My dear friends, please welcome my dear friend Tika of Cemplang Cemplung.
The food blog community offers more than just recipes. We also get to “meet” new friends, learn about new culture and cuisine and build relationships across the land and sea for a lifetime. It is a concept almost like making a pen friend. We meet on a common platform of our blog and interest in food photography and over time, start exchanging more than just comments. I have been so fortunate to make such beautiful friends around the world, and even if I have never met them, I know we would be like old friends if we ever did, chit chatting about the things we love – our family, food, photography and so much more.
Tika has a beautiful blog full of traditional (and also non-Indonesian) recipes and her photography inspires me. I had done a guest post for her a couple of months back and I wanted her to do post for me; a post that will speak about her cuisine and more so about herself. And she has done just that. I will allow this charming lady to present her gorgeous photograph and recipe now. Thank you and a big hug lovely lady for doing this for me and my readers.
Enjoy! and do take you time and visit her blog for more Indonesian recipes, photographs and tips and lessons on food photography.
Over to Tika now….
In my country, Indonesia, pepes is one of the cooking method that often use by wrapping all the ingredients together in banana leaves. The using of banana leaves as food wrapper is commonly used here. But it’s not the only leaf we use as traditional food wrapper. Some of Indonesian foods are wrapped with pandan leaf, coconut leaf, teak leaf or rose apple leaf. One thing I love from using banana leaf is it give special aroma to the food inside it. Whether I steam or grill the food, it always tastes good. Living in tropical country like where I live now doesn’t caused me so much trouble to find fresh banana leaf. I don’t even need to buy it, because I could find it easily near around the neighborhood.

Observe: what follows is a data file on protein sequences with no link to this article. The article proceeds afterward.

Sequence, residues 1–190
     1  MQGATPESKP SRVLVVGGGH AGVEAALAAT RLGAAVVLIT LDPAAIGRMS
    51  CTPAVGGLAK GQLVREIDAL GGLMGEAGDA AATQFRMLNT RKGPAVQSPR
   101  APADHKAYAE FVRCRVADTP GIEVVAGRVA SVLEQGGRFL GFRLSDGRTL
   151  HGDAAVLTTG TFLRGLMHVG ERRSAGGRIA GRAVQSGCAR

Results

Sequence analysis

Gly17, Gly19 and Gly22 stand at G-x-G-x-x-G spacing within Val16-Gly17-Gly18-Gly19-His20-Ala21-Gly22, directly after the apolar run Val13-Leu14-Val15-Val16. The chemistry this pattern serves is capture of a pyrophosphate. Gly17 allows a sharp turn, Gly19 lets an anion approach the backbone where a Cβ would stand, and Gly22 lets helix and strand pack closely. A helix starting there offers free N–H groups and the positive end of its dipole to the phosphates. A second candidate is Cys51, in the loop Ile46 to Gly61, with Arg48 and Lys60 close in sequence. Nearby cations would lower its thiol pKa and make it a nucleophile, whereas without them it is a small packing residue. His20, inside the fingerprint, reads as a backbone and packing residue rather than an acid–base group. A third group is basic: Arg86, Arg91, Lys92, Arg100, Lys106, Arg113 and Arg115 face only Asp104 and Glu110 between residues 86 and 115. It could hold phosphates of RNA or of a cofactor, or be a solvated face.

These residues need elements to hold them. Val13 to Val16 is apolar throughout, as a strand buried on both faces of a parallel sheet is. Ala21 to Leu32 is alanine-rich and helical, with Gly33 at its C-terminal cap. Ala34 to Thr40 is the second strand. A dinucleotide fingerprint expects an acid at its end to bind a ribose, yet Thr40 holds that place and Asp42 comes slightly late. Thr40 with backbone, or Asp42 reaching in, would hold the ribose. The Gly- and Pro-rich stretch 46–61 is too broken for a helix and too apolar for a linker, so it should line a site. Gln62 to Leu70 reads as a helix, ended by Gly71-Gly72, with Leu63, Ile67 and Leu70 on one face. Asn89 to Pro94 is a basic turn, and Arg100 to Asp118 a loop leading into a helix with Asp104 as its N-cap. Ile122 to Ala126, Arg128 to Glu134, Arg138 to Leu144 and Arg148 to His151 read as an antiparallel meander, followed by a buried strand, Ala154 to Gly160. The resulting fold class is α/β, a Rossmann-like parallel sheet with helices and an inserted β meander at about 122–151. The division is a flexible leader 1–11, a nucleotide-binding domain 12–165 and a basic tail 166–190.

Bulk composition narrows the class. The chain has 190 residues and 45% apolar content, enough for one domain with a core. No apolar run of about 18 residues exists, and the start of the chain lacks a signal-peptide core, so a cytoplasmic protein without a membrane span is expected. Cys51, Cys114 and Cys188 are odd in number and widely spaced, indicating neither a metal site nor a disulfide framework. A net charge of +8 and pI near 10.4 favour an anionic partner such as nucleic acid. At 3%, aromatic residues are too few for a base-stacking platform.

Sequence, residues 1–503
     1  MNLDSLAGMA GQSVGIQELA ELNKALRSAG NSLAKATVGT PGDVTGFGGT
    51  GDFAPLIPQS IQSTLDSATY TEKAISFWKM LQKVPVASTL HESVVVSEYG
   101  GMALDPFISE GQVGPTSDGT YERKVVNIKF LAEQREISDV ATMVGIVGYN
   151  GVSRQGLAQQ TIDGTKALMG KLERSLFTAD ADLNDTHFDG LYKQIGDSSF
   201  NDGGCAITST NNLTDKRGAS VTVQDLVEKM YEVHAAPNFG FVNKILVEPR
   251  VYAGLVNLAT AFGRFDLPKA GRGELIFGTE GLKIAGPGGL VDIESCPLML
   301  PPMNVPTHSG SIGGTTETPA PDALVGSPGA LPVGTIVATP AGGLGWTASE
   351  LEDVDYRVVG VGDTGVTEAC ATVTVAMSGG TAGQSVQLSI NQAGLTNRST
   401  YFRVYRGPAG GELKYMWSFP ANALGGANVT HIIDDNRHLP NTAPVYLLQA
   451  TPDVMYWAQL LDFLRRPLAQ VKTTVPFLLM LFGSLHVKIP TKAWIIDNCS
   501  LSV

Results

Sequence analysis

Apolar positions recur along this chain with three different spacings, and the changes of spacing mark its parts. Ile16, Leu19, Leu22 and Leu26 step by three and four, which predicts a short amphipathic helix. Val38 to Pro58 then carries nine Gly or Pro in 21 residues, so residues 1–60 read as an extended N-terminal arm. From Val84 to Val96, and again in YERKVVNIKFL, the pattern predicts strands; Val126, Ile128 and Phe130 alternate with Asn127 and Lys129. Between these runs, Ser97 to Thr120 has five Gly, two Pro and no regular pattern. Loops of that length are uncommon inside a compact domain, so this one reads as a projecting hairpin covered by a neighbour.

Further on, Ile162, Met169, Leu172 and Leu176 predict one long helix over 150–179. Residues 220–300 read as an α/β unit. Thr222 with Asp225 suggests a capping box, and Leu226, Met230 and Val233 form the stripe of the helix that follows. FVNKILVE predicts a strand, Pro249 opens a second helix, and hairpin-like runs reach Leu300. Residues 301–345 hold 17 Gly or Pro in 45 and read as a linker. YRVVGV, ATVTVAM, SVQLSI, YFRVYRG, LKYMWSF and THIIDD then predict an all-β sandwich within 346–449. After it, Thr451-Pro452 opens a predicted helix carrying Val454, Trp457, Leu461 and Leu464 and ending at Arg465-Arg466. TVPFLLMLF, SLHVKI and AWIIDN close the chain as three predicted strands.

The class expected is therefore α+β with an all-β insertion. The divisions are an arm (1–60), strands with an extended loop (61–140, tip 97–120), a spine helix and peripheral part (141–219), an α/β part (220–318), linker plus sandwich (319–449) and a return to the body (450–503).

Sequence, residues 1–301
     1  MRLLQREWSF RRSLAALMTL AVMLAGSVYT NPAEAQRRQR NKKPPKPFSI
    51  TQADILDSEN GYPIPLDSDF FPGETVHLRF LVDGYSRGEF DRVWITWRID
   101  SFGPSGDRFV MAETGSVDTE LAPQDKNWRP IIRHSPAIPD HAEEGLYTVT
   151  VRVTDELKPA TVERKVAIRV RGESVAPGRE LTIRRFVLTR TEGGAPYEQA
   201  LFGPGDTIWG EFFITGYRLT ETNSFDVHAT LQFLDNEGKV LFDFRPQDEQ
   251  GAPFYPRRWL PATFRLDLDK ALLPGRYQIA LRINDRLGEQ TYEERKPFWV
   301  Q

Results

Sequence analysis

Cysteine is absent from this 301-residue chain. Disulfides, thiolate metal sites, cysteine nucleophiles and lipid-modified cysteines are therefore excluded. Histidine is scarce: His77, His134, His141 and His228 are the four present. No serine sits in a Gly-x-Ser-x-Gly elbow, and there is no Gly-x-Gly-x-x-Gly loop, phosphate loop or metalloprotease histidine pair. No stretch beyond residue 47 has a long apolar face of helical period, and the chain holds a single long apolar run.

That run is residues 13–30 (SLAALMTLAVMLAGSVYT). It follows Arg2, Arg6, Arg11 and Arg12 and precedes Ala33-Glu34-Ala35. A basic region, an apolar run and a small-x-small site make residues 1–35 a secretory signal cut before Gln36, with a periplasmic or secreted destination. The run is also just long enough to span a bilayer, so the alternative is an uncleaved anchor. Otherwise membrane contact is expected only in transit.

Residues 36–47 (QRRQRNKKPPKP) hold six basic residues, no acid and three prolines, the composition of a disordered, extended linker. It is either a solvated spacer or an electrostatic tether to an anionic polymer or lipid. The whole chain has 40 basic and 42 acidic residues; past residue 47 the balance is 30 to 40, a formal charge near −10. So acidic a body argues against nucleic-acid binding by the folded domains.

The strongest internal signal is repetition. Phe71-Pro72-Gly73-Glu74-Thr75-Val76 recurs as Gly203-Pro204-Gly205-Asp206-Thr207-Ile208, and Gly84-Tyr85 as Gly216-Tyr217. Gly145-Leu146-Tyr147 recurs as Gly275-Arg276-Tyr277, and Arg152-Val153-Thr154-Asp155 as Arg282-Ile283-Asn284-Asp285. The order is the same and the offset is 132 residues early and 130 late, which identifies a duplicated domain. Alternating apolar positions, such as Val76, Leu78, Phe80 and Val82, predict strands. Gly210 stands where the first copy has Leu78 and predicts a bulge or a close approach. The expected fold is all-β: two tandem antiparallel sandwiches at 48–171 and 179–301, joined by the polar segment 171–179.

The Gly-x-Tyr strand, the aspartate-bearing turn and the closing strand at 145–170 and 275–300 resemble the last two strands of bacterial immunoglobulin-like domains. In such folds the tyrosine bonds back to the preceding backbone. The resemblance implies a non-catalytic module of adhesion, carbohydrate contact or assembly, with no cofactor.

When Soma offered me to do the guest post, I promised her to cook something traditional from my country. Ideas of Indonesian traditional recipes flew through my head. It took me few days before I decided to cook Pepes Jamur Tiram (Spicy oyster mushroom in banana leaves). Soma is a friend I met through Flickr and I’m a fan of her photographs. She’s a genuinely humble, kind and charming person. Having a chance to introduce Indonesian recipe to her loyal blog readers. So, doing this post for her is a great pleasure for me. Big thanks to you, Soma, who gave me the chance and feature this recipe on your blog.
I am incredibly lucky to have inherited the recipe from my mother-in-law. This pepes (we used to call it pelasan) is our true family favorite recipe ! It something that my husband (and all his siblings) grew up with. I find it as a quick and healthy recipe. I will sometimes substitute mushroom for cob fish. Means, you could also find many substitutes you like, fish or chicken. But cob fish and oyster mushroom are my favorites.
Do you know how Indonesian enjoy this dish ? Wash hands carefully, take a plate of warm steamed rice, take a packet of pepes and eat with bare hand (right hand). Yes, I do the same thing. It feels more natural and satisfied digging the food with my hand. *I think I’m drooling now ! So, if you happen to be curious about the recipe, all you need to do is scroll down and there it is.
Pepes Jamur Tiram- Spicy Oyster Mushroom in Banana Leaves
Ingredients : makes 5 packets
- 250 gr oyster mushroom
- 100 gr red chilies
- 2 bird eye chilies
- 2 cloves garlic
- 1 ½ tsp tamarind soaked in 3 tbsp lukewarm water
- 1 tsp salt
- 1 tsp sugar
- banana leaves for wrapping, wash and wipe dry
- 10 toothpicks
1. Cut off any tough end of mushroom stems. Pull apart or cut the larger mushrooms lengthwise into pieces about the size of whole small ones. Set aside.
2. Grind the chilies, garlic, salt and sugar in a blender (or using mortar and pestle). If you use blender, add a little amount of water only to move them.
3. Combine the chili paste with tamarind juice in a bowl. Add the mushroom into the bowl, stir gently.
4. Divide the mushroom mixture into 5 equal portions. Set aside.
5. Put 1 portions of mushroom onto banana leaves and carefully roll it up. Secure the packets with a toothpick at each ends.
6. Steam all packets in medium heat for 20 minutes. Remove from the heat.
7. Grill the packets over charcoal or you may use non-stick pan. Grilled until both sides are slightly charred.
Cook’s note :
* To make the leaf more malleable, you could dampen and cook the banana leaf in a microwave until steam appears.
* Add your own bird eye chilies according to your liking.